Among the considerations, Charo said, is whether people who have put themselves at risk for COVID-19 should get vaccine priority in return. Such people include front-line health workers but potentially others such as meat or chicken plant employees and grocery store clerks.
The extent to which people turn down a vaccine also must be taken into account. “Their hesitancy, or even refusal, to get vaccinated may affect how effective you can be,” Charo said.
Ruth Faden, a bioethicist at Johns Hopkins University, said at a meeting this month of the National Academies committee that social inequities highlighted by COVID-19 — such as disproportionate rates of cases and deaths among Blacks and Latinos — must be addressed in vaccine allocation.
“We’re in a moment now ... where the recognition of the extraordinary impact of this pandemic in its exacerbation of those before-time structural inequities (is) like nothing ever experienced before,” she said. “If not now, when?”
It’s not clear how guidance by the National Academies committee and the ACIP will be integrated, Temte said.
“What happens if they come up with different determinations?” he said. “The more disharmony you have, the more confused the general public will become.”
Temte is on the State Disaster Medical Advisory Committee, formed this year to help the Wisconsin Department of Health Services respond to COVID-19. He and Charo are on the group’s ethics subcommittee, which met for the first time Thursday. The subcommittee plans to draft guidelines by October for deciding who and which parts of the state should first get vaccines and therapies against the coronavirus.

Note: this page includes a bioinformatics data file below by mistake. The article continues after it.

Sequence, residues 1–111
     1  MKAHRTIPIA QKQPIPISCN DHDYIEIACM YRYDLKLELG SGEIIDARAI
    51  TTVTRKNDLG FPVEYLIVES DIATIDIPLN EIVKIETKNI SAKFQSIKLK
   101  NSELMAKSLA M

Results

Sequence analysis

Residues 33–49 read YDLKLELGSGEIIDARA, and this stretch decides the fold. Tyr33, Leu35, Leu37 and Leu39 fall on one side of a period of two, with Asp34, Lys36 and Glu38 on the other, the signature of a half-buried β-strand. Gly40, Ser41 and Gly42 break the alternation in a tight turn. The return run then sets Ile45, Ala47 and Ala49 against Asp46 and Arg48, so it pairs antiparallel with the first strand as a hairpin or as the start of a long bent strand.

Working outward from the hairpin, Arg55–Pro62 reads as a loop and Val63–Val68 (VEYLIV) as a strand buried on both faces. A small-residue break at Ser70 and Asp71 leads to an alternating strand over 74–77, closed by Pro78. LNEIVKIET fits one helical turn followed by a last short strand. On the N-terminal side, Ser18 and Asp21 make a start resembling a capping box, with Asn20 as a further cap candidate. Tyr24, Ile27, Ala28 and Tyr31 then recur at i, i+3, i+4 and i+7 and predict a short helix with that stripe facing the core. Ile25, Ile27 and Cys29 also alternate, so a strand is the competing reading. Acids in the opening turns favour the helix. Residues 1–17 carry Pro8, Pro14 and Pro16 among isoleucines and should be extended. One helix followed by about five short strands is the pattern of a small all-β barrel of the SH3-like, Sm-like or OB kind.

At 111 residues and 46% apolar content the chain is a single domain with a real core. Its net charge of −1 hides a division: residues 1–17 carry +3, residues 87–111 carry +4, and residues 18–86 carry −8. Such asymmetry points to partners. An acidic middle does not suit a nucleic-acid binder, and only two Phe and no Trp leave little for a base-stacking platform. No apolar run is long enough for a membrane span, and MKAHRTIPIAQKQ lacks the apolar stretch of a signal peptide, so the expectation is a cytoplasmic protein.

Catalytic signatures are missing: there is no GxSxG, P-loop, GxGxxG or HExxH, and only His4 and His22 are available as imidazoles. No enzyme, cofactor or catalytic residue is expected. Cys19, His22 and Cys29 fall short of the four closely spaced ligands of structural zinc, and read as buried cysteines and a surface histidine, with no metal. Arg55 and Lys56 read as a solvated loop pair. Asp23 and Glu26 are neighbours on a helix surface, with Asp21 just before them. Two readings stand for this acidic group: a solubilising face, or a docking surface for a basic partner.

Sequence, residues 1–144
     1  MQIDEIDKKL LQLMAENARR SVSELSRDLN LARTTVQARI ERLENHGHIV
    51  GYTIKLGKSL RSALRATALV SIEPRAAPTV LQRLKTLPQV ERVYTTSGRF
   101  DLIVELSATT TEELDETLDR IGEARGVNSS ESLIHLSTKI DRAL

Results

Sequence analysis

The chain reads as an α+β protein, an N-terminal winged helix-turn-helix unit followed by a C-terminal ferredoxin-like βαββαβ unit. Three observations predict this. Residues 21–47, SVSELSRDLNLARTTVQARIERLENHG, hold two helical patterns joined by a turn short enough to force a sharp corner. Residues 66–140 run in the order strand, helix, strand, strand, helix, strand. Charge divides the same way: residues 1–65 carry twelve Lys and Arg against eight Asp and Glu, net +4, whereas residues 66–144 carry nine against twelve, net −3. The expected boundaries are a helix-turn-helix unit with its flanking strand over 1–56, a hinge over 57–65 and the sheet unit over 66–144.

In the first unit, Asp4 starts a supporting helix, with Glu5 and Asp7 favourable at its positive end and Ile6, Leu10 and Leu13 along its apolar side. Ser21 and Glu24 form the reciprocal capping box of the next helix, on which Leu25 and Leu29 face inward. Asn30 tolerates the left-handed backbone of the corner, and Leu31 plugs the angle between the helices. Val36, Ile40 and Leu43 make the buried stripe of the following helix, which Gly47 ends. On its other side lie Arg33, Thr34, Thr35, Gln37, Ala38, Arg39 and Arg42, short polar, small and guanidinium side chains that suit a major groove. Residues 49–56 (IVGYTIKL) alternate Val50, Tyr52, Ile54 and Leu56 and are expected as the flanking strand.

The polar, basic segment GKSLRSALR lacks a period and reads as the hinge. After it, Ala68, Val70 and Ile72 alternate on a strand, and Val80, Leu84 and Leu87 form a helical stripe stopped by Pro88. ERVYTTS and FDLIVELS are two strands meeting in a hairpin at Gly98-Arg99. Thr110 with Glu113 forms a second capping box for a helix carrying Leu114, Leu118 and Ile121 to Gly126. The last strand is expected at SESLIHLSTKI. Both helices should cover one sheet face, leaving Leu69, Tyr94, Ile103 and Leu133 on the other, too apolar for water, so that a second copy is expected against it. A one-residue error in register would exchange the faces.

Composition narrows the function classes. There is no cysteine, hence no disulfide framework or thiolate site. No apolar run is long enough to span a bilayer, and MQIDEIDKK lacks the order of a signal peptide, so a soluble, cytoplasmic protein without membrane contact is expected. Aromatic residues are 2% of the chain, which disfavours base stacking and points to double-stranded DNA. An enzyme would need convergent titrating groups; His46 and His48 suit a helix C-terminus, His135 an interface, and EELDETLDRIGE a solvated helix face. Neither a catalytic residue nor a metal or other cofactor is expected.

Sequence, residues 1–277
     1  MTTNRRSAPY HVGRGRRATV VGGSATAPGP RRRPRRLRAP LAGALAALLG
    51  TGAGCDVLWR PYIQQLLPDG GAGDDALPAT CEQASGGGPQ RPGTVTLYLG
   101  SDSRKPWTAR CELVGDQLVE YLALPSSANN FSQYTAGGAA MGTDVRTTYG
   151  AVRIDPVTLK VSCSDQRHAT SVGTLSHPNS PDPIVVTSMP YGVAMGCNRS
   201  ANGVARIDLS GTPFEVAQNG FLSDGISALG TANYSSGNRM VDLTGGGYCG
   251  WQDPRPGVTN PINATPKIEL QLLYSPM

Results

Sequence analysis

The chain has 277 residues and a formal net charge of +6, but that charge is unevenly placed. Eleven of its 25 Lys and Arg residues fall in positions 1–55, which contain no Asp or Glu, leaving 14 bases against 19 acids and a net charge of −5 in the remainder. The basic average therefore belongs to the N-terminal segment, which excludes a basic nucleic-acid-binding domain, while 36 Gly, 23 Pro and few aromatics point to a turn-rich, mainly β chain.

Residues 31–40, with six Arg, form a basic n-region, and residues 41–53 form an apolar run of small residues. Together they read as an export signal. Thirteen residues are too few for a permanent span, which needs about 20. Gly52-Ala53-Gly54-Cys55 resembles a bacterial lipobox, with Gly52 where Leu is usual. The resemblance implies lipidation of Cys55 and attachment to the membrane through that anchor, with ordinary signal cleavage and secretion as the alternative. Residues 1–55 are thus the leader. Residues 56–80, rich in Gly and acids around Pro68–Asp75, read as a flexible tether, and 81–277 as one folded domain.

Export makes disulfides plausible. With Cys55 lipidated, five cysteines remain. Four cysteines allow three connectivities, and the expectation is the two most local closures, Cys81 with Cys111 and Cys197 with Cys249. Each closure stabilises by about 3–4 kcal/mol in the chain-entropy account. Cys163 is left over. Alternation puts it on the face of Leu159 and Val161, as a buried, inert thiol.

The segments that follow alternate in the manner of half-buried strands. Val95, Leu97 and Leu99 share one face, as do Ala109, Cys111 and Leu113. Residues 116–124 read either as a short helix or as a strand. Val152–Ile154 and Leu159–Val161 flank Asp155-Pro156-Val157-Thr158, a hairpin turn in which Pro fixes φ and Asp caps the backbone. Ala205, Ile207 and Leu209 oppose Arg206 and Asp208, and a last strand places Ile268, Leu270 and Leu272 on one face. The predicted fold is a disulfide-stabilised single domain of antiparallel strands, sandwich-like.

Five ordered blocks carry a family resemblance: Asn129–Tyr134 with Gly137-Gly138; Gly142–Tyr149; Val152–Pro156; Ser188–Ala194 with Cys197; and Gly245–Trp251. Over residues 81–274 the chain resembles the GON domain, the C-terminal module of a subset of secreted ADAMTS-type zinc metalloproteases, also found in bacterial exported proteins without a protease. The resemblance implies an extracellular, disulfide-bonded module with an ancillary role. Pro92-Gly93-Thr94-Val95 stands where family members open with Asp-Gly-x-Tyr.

States face some different issues than the federal government, Temte said. Wisconsin might consider snow plow drivers to be essential workers deserving priority, while southern states wouldn’t, for example, he said.
Unlike the federal government, states can mandate vaccines, generally at K-12 schools or day care centers, Temte said.
The work of the state and federal committees likely will continue for months or more, and it’s unclear if COVID-19 vaccination will be a single event or periodic like annual flu shots, Temte said.
“Is this something that is a one time and done, or is this going to be an infection that’s with us for years or decades?” he said. “This is all playing out against the backdrop of an ever-changing set of information on what this virus does.”